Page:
This image was lost some time after publication, but you can still view it here.
This image was lost some time after publication, but you can still view it here.

I've always felt that I was gifted with a couple of pretty useful manual emotion indication devices: my middle fingers. But, when extending them in the general direction of people, I sometimes sigh in the shame that I don't have a gadget to give the big FU for me, a dream I've held since seeing the movie My Science Project as an impressionable youngster — what with the guy that puts the neon middle finger on his trunk that stands up with the flip of a switch.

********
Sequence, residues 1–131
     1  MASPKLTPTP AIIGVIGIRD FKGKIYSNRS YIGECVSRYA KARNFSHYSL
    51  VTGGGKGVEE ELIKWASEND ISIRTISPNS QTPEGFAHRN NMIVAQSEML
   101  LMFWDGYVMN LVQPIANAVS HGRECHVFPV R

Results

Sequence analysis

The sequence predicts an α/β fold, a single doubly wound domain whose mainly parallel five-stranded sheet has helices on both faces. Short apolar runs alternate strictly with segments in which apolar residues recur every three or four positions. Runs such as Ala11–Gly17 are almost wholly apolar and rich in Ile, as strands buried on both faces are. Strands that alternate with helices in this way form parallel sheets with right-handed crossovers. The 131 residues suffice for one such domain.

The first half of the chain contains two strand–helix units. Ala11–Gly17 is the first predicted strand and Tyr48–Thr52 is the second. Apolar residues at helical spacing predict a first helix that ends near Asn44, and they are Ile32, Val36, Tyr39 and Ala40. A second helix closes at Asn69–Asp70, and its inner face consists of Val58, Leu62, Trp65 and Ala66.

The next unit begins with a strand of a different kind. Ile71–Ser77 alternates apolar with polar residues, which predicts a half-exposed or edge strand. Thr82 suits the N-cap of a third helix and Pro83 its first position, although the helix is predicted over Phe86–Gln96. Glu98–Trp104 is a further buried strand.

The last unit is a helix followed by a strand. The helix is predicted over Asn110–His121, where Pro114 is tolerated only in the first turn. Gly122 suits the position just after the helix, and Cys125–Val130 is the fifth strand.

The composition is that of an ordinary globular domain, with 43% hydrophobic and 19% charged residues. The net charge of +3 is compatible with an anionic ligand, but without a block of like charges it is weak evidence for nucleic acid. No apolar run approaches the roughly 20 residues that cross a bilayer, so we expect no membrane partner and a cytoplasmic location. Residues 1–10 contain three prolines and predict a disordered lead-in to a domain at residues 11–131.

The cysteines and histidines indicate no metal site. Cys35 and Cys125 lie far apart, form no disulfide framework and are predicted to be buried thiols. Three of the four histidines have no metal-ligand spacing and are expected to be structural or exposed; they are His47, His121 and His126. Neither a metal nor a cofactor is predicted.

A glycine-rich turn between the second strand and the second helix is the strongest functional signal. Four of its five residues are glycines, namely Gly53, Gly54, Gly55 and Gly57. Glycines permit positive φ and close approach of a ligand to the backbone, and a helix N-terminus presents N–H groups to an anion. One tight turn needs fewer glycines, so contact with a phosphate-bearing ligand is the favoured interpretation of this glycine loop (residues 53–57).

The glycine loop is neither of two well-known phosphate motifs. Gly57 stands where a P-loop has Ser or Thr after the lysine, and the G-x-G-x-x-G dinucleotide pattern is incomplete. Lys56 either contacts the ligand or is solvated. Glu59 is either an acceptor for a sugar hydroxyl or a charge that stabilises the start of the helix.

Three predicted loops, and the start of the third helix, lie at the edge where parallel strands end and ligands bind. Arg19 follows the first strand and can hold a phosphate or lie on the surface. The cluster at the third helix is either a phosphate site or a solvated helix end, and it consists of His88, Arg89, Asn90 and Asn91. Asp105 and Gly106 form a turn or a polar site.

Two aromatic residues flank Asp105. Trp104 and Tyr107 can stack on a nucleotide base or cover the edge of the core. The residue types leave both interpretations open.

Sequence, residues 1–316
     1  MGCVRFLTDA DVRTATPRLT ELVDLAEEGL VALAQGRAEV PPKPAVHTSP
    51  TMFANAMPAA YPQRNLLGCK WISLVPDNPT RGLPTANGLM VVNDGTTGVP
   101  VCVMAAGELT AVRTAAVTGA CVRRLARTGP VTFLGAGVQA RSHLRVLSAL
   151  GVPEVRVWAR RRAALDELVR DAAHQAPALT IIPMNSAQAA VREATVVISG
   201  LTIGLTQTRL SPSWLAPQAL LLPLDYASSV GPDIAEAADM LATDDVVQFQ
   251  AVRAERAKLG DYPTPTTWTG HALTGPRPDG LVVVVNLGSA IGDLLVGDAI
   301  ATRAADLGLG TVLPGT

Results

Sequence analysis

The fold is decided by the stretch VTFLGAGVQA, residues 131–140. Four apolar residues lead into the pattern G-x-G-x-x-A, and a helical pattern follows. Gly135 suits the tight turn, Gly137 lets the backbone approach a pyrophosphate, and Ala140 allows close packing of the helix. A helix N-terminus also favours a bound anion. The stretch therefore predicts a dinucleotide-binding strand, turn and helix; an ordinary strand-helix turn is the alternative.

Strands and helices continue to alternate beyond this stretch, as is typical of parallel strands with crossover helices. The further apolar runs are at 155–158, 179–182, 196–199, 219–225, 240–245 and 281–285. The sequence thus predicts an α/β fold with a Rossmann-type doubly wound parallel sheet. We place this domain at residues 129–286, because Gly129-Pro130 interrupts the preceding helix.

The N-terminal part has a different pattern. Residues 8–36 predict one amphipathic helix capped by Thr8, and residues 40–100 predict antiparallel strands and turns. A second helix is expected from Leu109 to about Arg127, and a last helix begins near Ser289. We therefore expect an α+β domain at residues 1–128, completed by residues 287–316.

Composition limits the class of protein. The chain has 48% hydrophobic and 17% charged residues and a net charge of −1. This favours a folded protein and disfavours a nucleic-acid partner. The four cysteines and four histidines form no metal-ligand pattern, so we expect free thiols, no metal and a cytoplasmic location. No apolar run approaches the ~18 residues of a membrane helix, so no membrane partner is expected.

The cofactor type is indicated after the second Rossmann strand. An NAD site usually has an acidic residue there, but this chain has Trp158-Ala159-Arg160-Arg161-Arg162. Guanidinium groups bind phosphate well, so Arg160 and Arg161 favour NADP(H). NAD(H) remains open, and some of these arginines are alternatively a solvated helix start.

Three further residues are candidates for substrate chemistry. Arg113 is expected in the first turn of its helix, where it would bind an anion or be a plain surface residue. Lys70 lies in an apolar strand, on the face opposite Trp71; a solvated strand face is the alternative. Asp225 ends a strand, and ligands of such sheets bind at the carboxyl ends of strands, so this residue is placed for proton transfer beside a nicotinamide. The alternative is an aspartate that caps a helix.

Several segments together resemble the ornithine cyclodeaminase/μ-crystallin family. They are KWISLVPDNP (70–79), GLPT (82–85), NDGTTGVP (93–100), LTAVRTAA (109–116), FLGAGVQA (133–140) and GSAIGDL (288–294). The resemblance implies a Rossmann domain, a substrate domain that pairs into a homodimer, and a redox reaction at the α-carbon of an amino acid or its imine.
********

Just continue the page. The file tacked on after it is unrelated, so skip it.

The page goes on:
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But now, that dream is closer to becoming a reality after some hackers at a confab in the Netherlands presented The Car Whisperer, a tool that lets somebody with a Linux laptop and a directional antenna send audio to nearby cars with Bluetooth handsfree systems that aren't being used. Many built-in systems use just a standard, widely known passkey as the only form of authentication that's needed. While some people see that as a security risk, it's merely an invitation to invade a passing car's stereo and ask the driver how he manages to steer with his head stuck where the sun don't shine. — CL

The Car Whisperer [trifinite.blog via P2P.net]

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